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Yes, you should retain an attorney to represent you during the interview

Posted by Clyde Hutchins | Aug 04, 2016 | 0 Comments

The most common question regarding attorney general investigations is whether it is necessary to retain an attorney for the interview. The answer is yes!

During the course of an investigation the attorney general's office will usually subpoena one or more witnesses for interviews. The interviews are usually made under oath. A court reporter is often present. The court reporter writes down everything that is said at the interview and later makes a transcript of the interview.

Many people wonder whether it is truly necessary to hire an attorney to help them out during the interview. They often think that since they are planning on telling the truth anyway, having an attorney present will not change anything. This is a common misconception.

Providing sworn and recorded testimony in an investigation can be risky. Based upon what is said at the interview, the witness may become more of a target in the investigation. This could lead to significant exposure. Although you might feel that you are innocent of any wrongdoing, the attorney general's office may have a different view of the matter.

An attorney can help prepare the witness for the interview by describing how interviews are conducted and how a witness should act during the interview. During the interview an attorney can assist in ensuring that the testimony is not misunderstood or misconstrued by the interviewer. The attorney can also assert any objections that might be necessary to protect the witness from far reaching or inappropriate questioning, or to assert a legal privilege against testifying.

Additionally, witnesses can incriminate themselves. As you know, the 5th Amendment protects people from having to give testimony that might cause them to be prosecuted for a crime. An attorney can protect a witness from giving incriminating testimony. If the attorney general's office insists on taking testimony that might be incriminating, the attorney can work to obtain an appropriate order from the court protecting the witness from having the incriminating testimony used against them in the future.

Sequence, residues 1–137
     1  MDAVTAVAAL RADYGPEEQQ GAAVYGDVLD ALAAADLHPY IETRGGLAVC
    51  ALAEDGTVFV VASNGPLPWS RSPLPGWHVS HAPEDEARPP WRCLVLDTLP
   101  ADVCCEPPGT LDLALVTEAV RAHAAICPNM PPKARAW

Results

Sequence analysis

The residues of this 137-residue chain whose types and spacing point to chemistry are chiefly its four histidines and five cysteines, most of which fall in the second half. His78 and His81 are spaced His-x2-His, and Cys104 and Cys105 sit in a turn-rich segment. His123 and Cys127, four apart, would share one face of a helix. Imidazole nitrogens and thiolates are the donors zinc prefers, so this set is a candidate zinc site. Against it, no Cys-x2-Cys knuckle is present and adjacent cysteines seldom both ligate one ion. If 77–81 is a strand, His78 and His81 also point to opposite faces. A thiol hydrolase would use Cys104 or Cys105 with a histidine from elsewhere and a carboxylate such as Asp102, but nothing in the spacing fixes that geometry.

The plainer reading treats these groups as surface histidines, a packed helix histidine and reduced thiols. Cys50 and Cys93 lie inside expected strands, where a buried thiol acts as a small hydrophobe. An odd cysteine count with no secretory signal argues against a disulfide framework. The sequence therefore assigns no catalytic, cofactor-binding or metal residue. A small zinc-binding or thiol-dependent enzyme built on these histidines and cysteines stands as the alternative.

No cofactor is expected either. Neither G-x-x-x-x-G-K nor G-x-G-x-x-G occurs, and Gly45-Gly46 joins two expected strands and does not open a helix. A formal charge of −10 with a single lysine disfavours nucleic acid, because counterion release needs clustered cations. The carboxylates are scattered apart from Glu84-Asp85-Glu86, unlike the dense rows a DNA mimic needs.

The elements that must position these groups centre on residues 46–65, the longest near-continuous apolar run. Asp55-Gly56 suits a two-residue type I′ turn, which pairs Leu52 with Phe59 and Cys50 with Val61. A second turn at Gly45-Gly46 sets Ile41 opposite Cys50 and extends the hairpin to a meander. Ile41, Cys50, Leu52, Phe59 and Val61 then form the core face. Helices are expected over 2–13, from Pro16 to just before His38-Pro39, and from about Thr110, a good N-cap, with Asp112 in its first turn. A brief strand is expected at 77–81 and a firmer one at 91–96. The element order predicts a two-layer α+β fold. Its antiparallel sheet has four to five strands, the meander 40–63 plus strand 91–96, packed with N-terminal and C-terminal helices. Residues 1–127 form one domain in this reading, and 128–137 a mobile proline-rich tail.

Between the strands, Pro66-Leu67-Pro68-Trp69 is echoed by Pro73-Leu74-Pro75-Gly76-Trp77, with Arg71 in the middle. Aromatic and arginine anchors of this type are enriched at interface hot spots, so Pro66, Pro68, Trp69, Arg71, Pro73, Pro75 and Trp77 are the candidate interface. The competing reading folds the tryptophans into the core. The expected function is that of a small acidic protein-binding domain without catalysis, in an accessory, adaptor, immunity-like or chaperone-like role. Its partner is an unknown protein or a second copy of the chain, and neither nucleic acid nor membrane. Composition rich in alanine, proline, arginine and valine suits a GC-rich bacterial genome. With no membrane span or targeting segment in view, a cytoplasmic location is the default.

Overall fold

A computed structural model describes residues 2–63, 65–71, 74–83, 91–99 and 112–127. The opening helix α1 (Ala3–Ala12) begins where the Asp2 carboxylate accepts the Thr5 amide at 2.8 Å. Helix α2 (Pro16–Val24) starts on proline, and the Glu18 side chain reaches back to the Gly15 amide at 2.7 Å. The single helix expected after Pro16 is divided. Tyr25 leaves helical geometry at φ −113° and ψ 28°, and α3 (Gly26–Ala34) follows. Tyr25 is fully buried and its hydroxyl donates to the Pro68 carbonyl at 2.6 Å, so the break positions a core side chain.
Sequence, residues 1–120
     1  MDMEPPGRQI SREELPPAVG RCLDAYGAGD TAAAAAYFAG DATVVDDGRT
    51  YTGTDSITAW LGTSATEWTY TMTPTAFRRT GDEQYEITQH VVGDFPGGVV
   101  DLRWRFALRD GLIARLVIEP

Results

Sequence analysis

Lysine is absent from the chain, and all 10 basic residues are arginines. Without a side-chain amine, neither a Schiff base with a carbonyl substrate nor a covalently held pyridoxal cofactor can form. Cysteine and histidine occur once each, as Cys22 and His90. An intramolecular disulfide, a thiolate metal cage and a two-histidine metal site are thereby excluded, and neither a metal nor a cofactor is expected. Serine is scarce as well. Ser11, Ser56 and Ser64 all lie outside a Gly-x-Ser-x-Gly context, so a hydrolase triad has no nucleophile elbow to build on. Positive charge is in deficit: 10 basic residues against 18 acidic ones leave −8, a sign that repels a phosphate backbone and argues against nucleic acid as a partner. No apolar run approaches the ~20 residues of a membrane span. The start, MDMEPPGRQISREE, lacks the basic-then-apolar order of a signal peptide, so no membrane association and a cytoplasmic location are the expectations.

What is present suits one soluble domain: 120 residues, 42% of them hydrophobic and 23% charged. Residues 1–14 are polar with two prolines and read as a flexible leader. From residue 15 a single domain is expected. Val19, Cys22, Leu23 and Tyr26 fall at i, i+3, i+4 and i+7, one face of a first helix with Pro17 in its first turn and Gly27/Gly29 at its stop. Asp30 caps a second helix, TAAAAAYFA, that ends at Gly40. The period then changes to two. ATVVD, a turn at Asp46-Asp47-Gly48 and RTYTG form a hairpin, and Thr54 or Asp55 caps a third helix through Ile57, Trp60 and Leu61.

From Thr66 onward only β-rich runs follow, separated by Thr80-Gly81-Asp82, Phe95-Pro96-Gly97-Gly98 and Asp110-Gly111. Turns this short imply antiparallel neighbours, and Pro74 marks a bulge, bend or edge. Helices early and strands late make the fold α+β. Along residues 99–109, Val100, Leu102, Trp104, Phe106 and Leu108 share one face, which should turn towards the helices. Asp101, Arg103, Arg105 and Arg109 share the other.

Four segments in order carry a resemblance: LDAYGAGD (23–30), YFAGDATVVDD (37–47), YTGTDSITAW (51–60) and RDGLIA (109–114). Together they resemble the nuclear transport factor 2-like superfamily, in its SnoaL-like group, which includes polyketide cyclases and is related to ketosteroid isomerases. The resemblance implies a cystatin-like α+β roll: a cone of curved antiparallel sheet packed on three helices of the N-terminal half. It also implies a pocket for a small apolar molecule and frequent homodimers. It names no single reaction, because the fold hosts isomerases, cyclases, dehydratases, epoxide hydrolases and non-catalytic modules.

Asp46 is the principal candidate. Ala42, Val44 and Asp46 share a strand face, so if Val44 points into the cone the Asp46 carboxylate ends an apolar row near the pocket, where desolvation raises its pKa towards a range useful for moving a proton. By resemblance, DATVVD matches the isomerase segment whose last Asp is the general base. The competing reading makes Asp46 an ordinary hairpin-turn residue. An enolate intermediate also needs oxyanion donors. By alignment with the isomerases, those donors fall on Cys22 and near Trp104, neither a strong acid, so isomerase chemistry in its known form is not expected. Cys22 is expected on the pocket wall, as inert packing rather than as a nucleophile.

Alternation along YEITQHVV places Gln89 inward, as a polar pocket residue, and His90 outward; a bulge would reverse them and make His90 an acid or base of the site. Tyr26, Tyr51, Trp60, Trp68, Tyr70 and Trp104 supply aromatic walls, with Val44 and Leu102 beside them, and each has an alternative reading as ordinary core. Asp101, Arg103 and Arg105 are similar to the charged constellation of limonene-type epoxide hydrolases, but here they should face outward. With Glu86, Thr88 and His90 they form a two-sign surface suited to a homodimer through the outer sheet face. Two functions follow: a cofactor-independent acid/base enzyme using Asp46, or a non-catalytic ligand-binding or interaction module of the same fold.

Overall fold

And that is not all. The attorney can determine whether the witness has any grounds for challenging the subpoena, and if so, the attorney can file a motion in court for an order quashing or modifying the subpoena. The attorney can also gauge the risk that the witness might become a target of the investigation.

There are plenty of ways that an attorney can help a witness that has been subpoenaed by the attorney general's office. If you have been subpoenaed to testify, do not go alone. Protect yourself and retain an attorney. Harmony Law can help.

About the Author

Clyde Hutchins

Clyde Hutchins is the founder of Harmony Law. Mr. Hutchins started his legal career in Cheyenne, Wyoming as a law clerk for the district court judges. Mr. Hutchins then entered private practice with a Wyoming based litigation and business law firm. Later, Mr. Hutchins went to Alaska, where he was the chief litigator for a firm that engaged in bond law, corporate law, securities law, and municipal law. The State of Wyoming hired Mr. Hutchins from Alaska to represent the State of Wyoming in the national tobacco arbitration and act as its tobacco settlement attorney. While in that position, as a hobby, he developed an enforcement unit for consumer protection for Wyoming residents. Mr. Hutchins moved to Colorado in 2016 and founded Harmony Law, LLC. Harmony Law is primarily engaged in civil litigation. It is also a general practice firm in the areas of business law, estate planning, consumer law and family law. Harmony Law is active in all state and federal courts throughout Wyoming and Colorado.

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